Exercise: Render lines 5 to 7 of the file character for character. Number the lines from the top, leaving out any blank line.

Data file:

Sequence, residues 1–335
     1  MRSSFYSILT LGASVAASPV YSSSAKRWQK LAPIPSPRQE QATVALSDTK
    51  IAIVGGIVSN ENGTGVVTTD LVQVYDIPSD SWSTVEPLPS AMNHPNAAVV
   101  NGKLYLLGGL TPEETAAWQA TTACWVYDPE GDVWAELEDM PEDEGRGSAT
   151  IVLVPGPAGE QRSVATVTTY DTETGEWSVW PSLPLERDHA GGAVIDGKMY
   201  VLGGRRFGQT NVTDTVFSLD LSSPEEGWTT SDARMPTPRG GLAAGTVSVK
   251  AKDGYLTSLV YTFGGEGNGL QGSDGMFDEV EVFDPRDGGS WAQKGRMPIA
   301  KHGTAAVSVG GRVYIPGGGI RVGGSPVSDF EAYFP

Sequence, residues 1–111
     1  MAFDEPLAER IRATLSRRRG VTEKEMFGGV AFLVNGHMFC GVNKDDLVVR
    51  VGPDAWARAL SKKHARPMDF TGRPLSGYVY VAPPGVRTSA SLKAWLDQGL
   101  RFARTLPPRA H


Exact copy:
   151  IVLVPGPAGE QRSVATVTTY DTETGEWSVW PSLPLERDHA GGAVIDGKMY
   201  VLGGRRFGQT NVTDTVFSLD LSSPEEGWTT SDARMPTPRG GLAAGTVSVK
   251  AKDGYLTSLV YTFGGEGNGL QGSDGMFDEV EVFDPRDGGS WAQKGRMPIA